Dr Toni

Yes. Totally. And I again, I don’t think you’re alone with this at all, is that a lot of the time if we wanna develop a healthier relationship with our bodies and help our children do the same. It involves a lot of unlearning first because these messages are so strong and it’s we’re in a generation now, I guess, where body positivity and body acceptance is spoken about and it’s becoming more and more prominent. It wasn’t like that in the past.  So we all have these sorts of intergenerational influences, like negative messaging about bodies that we have to work on and learn.

 

Trish

So what would you just say to someone who is sort of like, what would be the first step to someone who’s sort of like, oh, I wanna have this surgery, but I’m really worried about it. And do I really need it? Or know, who’s someone who’s in doubt and doesn’t know where that is?
And like, what would you suggest that they do first, like, do you reckon you should go and speak to someone first or speak to say for the surgery? Speak to a surgeon or I mean, generally, like, anything I’ve ever had done, I’ve been wanting it for years and years and years, it’s been, like I’ve had massive boobs and, of course, got bigger. And then as I lost weight, they got bigger and longer and longer. So for me, that was what I’d wanted for nearly twenty years, even more than that, actually, because I had big boobs. But, yeah, and so what would you say to someone? What would be the first step if they’re just unsure?

 

Dr Toni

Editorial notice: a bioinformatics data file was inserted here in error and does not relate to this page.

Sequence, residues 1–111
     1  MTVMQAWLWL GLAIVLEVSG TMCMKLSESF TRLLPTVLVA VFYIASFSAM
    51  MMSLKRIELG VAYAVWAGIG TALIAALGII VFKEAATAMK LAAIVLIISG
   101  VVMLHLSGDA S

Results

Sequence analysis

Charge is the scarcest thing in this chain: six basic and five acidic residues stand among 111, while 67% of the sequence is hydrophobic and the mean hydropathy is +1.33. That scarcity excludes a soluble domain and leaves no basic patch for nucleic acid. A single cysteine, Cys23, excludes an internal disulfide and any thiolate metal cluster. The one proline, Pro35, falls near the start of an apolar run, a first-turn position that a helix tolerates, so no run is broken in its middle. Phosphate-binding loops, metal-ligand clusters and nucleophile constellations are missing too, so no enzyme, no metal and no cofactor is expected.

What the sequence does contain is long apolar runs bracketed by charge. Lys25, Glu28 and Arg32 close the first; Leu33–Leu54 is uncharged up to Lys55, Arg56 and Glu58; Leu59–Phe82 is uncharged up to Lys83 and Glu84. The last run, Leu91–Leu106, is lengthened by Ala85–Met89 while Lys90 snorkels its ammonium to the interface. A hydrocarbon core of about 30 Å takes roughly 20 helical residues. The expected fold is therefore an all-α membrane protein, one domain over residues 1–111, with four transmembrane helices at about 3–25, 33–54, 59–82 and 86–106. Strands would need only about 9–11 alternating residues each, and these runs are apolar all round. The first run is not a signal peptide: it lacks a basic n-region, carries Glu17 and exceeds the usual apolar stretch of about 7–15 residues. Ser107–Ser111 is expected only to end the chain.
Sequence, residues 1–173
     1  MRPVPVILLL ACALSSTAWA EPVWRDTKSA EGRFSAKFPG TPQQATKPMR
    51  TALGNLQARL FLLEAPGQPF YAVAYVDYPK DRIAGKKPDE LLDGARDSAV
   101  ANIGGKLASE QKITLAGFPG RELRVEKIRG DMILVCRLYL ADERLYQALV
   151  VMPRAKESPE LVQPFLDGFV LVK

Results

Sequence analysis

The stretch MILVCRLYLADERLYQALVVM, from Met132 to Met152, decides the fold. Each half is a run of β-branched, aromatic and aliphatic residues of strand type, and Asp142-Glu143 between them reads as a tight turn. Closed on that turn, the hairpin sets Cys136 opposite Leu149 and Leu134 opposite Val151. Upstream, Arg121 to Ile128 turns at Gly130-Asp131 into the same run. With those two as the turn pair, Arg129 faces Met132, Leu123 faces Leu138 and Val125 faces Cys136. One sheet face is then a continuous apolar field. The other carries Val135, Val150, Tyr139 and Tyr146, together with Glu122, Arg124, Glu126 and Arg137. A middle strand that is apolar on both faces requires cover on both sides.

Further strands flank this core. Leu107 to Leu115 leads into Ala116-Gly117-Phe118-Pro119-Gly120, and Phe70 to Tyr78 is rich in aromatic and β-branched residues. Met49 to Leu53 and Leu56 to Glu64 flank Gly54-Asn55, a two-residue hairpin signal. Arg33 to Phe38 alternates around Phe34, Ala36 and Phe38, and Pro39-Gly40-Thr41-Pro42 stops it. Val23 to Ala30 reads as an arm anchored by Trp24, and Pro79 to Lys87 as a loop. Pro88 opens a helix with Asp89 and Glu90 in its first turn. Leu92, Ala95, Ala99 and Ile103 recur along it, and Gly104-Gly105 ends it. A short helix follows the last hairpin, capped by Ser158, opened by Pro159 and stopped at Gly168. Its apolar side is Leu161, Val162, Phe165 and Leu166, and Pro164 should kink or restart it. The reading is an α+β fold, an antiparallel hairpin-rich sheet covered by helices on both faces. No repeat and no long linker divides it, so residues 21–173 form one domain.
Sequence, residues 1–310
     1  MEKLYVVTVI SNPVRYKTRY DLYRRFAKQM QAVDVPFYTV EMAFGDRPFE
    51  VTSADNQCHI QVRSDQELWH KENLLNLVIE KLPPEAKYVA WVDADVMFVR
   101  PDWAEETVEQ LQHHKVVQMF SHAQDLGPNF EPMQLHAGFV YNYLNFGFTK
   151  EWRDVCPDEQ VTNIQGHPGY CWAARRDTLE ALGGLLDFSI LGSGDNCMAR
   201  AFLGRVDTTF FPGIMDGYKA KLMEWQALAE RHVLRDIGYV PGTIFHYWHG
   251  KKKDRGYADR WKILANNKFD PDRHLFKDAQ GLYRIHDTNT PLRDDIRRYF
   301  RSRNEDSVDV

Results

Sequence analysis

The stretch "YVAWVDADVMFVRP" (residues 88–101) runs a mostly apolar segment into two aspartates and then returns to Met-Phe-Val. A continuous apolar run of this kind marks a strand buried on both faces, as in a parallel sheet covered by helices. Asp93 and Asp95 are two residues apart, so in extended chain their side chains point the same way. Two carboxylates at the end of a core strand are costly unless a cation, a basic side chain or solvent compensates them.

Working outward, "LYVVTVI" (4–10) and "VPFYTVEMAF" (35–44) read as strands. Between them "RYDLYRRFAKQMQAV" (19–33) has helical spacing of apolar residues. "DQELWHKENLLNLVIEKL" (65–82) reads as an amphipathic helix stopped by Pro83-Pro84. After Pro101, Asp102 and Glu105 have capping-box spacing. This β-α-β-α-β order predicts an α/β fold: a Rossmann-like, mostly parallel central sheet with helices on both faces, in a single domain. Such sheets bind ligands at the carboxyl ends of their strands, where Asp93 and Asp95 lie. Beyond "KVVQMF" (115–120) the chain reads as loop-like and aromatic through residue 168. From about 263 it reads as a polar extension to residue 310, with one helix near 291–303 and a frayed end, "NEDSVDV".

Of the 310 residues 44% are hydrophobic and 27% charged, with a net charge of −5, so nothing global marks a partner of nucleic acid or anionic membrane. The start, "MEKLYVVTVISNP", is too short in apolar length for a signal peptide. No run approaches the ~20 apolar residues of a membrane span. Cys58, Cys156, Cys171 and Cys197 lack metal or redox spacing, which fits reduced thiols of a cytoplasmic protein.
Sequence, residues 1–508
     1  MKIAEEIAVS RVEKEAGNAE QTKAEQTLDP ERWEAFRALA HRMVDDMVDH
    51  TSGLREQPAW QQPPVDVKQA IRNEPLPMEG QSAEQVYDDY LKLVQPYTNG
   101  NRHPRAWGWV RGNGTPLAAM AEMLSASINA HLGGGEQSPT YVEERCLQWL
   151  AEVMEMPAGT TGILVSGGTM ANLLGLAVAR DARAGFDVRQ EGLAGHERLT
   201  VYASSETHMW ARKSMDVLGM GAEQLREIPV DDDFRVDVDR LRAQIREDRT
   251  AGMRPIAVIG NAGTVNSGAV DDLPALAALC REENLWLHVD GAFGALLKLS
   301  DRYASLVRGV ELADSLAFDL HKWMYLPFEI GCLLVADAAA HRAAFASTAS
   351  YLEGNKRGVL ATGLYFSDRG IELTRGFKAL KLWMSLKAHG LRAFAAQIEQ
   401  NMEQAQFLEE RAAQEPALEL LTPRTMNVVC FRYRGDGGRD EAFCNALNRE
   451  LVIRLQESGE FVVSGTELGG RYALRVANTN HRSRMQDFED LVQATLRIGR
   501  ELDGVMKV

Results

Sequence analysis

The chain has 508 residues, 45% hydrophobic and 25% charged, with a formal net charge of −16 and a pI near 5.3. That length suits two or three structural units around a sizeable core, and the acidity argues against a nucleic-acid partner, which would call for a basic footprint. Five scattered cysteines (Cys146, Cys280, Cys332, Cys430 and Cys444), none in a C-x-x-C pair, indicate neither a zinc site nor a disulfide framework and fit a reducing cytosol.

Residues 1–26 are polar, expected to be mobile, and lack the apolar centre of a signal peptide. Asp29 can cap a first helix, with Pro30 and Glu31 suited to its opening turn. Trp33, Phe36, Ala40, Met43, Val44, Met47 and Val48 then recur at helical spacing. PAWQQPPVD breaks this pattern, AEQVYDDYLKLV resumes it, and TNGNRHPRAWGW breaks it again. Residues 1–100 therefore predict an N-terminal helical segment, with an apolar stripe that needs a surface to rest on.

Yeah. I mean, a lot of the time people start with their research on the Internet. Don’t thank us. I’m googling things and looking at forums which can be helpful in one way, obviously, the Internet has a wealth of information. You can also read a lot of unhelpful stuff on the Internet. And once you’ve been researching for so long, I think people can really convince themselves that this is the procedure that they need before they’ve even spoken to someone about whether it’s really appropriate for them or whether there might be an alternative. So I think, do a little bit of research, but don’t go too far down that rabbit hole before talking to someone about it. I think the starting point could be with a surgeon, particularly if it’s a surgeon that you’ve had recommendations for and you trust. But to go on saying, look, I’m not ready to make any bookings for this. I’m not ready to commit to having this done, but I just wanna sort of discuss it and see if it’s right for me and ask some questions agents. And then I think it can be really helpful to have an external person who doesn’t gain anything. They’re not getting paid for getting the surgery. I think it can be helpful to have a chat with them, and that might be a psychologist. It could even just be a trusted friend or family member. And talk through the motivations for the procedure. You know, why are you thinking about this? How long have you been thinking about it for? What some of your expectations are and what you’re hoping will change afterwards. And so certainly, when I do these assessments, like, if you speak to a psychologist, who has experience in this area, they can really help to explore whether those expectations are realistic. You know, maybe it’s that you’re hoping you’re gonna find a new partner after getting this surgery. And that would be the most realistic expectation. You can have someone who knows a bit about the area to help guide you and help develop more realistic goals before going ahead and starting that journey. So, yeah, I think psychologists are a great resource. I think sometimes people feel nervous because they’re like, well, I don’t have a mental illness, but I don’t need to go see a psychologist. But we can obviously do a lot more than just deal with the call. So it can be helpful for that as well.